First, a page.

Still, Obama acknowledged that the economy was "still going to have challenges," even if his bill becomes law.

Story: Obama acknowledges Wall Street protests as a sign

Senate Democratic leaders were expected to attend a meeting at the White House early Thursday evening to discuss the measure.

Obama said he viewed it as important that Congress vote on his package as a whole, which Senate Democrats revised this week to include a 5 percent surtax on millionaires in order to secure support on their side of the aisle. Obama said he was "comfortable" with the surtax.

Republicans, especially in the House, have pushed to break the bill up into individual pieces, and vote on the measures they find more palatable. They also reject the new taxes and closed loopholes contained within the president's bill to finance its pricetag. Senate Republicans will additionally push Thursday for a vote on the president's initial jobs package, a ploy meant to underscore its lack of support in the chamber.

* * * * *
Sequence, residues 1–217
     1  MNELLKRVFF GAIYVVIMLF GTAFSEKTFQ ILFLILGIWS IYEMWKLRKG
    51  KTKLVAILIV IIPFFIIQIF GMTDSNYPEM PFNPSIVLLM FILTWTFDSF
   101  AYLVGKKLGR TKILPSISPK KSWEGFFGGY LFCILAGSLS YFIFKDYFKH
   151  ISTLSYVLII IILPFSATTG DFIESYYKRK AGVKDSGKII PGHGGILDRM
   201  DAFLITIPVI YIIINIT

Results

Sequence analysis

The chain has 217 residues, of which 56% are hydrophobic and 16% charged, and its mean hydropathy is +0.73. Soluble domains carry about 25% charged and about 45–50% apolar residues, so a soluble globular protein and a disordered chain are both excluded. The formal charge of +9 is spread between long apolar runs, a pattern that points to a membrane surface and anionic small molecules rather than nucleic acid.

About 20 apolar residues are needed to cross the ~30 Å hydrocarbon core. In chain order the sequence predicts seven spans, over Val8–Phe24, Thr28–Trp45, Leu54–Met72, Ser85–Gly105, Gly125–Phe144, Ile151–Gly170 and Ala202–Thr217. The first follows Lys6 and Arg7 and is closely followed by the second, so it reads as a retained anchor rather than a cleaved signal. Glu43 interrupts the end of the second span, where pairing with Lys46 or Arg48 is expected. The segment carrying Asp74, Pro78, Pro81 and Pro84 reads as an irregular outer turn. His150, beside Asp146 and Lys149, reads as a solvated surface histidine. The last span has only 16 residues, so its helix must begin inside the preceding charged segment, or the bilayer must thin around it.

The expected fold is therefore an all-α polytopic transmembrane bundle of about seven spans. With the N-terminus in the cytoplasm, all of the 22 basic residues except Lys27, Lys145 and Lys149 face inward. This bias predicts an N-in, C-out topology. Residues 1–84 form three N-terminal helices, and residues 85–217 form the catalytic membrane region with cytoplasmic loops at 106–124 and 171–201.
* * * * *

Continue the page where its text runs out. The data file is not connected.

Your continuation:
Video: Politics Panel: White House Happenings

Obama admitted a sense of skepticism about his ability to win over Republicans, but said that if the legislation fails as a whole, the administration would continue to push for votes, "piece by piece," on separate components of the bill.

The fight in Congress comes against the backdrop of extended demonstrations in New York led by the left-leaning "Occupy Wall Street" movement. Obama nodded to the demonstrators Thursday by saying they gave a voice to broader frustration about the state of the economy and the conduct of the financial sector.

"I think people are frustrated, and the protesters are giving voice to a more broad-based frustration about how our financial system works," Obama said.

The Associated Press contributed to this report.

© 2013